Models Have Problems Too

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Okay, full disclosure, I’m not necessarily a model. But I could be! (Hit me up, Dove.) And YOU could be a model! And you! [Insert Oprah impression here.]

In an environment ~renowned~ for its empathetic approach to certain people’s struggles (I won’t say where or who or when), a discussion arose surrounding stigma toward people’s bodies. “Overweight, obese, large, lard, wide load, heavy, curvy, plump, jiggly, lumpy, bubblebutt,” and just plain “fat” were all given as examples of terms used for bodies of a certain stature. “Oh the struggles overweight people face in such a CRUEL and ASSUMING society!” was the cry of the downtrodden.

“But wait,” offered a dissenter, “there’s definitely a trend of ‘skinny shaming’ going around as well. Just look at Robbie Tripp’s ridiculous post that included a claim that models and actresses weren’t ‘real.’ Pretty sure they’d beg to differ. It’s caught on, somehow, assuming superficially thin people can’t have their own problems, or they’re not as bad.”

“Oh yeah, models have problems. Like whether to eat a cherry- or mint-flavored Lifesaver that day.”

“I mean, sure, they have their own problems, right??” *index finger mimed down her throat* “Bleeechh. Ahahaha!”

Cue some more laughter.

Ooooohhhh was I irate.

Far be it for this behavior analyst to say the fashion and entertainment environments haven’t shaped some behavior and unspoken ‘rules’ about how people SHOULD look, men and women alike. Enter the growing number of campaigns (love you, Dove) aiming to shed a light that anyone medically ALIVE is a real person, whether she be a size 0 or 10 or 26. (No, they’re not paying me, but oh boy, wouldn’t I love them to)!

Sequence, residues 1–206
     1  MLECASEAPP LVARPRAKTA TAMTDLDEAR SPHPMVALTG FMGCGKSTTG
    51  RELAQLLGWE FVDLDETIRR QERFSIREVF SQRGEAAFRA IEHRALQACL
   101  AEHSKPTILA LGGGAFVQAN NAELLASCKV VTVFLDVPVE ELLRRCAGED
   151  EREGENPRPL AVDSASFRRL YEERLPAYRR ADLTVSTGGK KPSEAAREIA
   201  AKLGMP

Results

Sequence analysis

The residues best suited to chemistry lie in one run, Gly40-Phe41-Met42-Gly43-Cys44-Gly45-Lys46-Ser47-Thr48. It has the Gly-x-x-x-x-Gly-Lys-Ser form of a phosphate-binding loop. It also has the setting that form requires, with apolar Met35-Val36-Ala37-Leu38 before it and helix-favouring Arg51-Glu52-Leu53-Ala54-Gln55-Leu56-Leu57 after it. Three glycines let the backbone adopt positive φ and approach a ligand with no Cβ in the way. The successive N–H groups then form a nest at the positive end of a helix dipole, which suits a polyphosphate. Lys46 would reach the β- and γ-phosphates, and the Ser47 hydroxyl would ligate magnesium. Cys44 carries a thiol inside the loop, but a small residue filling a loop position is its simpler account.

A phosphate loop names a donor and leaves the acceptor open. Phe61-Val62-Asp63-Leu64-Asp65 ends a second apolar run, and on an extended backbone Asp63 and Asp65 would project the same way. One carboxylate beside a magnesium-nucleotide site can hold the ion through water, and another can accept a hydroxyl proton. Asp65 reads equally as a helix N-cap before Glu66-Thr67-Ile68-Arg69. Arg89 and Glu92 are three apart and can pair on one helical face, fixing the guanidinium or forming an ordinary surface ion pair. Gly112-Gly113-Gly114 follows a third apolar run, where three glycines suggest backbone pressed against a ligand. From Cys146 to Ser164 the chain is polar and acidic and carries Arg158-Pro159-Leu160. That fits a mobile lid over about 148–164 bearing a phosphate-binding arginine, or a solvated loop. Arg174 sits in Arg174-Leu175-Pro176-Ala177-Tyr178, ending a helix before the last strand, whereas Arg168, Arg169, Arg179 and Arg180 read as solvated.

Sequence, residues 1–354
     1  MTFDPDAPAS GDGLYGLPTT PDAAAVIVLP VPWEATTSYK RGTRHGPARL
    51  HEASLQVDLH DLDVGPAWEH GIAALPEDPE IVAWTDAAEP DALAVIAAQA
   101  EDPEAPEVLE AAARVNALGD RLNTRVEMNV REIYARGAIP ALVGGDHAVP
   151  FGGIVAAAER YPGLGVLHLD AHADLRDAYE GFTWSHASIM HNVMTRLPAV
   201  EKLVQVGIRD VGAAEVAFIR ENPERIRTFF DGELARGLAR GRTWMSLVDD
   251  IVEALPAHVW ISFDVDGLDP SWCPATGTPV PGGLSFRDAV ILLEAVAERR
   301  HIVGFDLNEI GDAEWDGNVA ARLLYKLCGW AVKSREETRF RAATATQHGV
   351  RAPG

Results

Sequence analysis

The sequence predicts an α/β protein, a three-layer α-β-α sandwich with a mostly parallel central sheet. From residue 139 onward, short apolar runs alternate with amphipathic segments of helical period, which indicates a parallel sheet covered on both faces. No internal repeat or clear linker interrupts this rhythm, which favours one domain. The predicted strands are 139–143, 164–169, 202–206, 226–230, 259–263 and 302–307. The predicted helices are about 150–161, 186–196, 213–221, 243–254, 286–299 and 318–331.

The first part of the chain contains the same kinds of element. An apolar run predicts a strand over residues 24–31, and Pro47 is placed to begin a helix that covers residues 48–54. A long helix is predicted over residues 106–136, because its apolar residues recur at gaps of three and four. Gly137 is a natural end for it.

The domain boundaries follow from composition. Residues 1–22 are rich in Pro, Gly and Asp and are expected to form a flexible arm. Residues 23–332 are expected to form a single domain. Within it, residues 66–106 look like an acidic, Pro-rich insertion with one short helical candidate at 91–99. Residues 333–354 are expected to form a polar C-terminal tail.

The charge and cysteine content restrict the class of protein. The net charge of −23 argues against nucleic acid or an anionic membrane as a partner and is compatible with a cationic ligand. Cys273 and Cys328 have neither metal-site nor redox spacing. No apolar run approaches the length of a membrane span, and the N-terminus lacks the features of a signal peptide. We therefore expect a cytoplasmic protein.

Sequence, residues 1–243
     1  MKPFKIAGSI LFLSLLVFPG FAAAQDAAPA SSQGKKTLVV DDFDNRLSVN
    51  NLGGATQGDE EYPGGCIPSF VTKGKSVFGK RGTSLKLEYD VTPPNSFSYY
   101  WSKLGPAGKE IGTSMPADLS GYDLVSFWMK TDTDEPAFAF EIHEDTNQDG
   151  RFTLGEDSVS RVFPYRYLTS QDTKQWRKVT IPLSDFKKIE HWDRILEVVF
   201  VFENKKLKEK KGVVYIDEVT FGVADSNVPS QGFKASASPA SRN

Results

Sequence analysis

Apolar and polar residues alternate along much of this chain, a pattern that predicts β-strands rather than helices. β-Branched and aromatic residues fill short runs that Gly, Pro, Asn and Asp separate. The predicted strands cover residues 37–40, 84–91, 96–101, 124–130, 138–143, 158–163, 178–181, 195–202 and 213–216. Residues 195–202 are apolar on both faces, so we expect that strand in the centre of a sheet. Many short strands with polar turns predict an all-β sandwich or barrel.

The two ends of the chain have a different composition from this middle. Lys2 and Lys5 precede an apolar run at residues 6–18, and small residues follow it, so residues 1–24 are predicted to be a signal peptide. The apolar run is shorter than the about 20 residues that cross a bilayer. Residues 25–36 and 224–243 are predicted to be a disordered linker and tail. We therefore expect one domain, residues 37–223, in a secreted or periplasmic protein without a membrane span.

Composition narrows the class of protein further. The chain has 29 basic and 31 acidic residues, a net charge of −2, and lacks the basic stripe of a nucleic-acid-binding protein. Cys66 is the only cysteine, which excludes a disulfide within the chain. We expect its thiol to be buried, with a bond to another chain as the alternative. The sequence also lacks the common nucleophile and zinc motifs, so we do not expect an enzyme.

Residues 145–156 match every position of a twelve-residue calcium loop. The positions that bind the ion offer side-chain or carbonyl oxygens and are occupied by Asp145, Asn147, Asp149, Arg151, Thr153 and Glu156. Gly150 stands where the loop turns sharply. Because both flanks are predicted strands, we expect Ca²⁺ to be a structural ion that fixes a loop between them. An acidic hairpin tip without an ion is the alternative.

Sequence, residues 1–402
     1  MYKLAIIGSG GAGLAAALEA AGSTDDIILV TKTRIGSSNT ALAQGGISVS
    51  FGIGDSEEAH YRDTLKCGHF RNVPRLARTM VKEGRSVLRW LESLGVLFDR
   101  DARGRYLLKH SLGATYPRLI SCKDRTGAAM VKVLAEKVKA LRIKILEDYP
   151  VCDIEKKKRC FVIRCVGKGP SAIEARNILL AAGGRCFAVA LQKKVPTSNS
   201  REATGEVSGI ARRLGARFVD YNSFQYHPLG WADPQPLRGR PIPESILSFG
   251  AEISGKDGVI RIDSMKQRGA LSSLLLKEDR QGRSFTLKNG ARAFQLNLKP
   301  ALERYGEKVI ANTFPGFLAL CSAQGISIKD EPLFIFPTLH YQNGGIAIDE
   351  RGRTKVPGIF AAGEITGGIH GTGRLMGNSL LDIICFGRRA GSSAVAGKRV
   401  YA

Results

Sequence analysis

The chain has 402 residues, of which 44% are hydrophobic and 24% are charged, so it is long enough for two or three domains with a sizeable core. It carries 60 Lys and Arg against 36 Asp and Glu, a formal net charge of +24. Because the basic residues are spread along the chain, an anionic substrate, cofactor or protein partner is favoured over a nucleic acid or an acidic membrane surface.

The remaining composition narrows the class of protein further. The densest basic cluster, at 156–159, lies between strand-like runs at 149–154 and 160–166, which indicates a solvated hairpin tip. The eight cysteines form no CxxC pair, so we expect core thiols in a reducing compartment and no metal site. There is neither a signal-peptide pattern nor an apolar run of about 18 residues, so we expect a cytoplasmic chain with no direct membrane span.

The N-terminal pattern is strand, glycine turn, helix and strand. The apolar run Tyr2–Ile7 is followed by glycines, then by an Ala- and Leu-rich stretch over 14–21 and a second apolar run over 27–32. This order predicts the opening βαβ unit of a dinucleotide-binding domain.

Real women ALSO have brains, would you believe it?? Shoutout, Tory Burch. Some campaigns have also pointed out that size isn’t the be-all, end-all determinant of perfection. A size 6, able-bodied woman would traditionally be picked over a size 0 woman confined to a wheelchair, or a size 2 transgender model. (Ahh! #AllMeansAll and I love all of you, SmartGlamour!) Especially in my field, I’m always advocating that “real people” exist by virtue of, ya know, being people.

And HERE were others, on the flip side of what entertainment and fashion industries have traditionally sold, reducing the problems of others who didn’t look like them to inconsequential quips. Or worse, reducing life-threatening issues to laughable pantomimes. Granted, this group has their own histories of being bullied and marginalized. But does that give them license to marginalize and bully back?

Spoiler alert: No.

Models and actors are people paid for jobs, like bankers or teachers. Last I checked, it’s our indulgence in their industries that’s kept them afloat. Some #woke organizations are also taking on a greater definition of the role itself — ‘plus-size’ models, special-needs models, LGBTQ+ models. Guess what, models literally come in all shapes, sizes, colors, and textures. Attacking (because that’s what they were doing) thin people as a whole, as a culture or type, does what Robbie Tripp so infamously did last week — objectifies and judges people based on their bodies.

In that room, I would venture to guess 0% of those people were ever personally victimized by an individual model on a set. (Except by Regina George, we’ve all been personally victimized by her.) But in all seriousness, ridiculing or invalidating “models” as a collective group of people whose issues range from “zero” to “meh” creates much of the backlash seen with the popular, but still problematic, “white people problems.”

What’s the behavioral contingency behind all this shaming? Attention from others? Self-soothing of our own problems by making others’ so much less problem-y? Escape from anxiety? Because yes, life is behavioral af.

Of course, the behaviorist in me acknowledges that empathy has so much of a greater response effort than ridiculing. If we feel we have little connection to people, we’re so much more likely to invalidate their feelings, as it raises OUR problems to a priority, both to ourselves and in our social circles. Here’s the thing, though — invalidating ANY problems of ANY group reduces empathy. Period. That’s it. Full stop.

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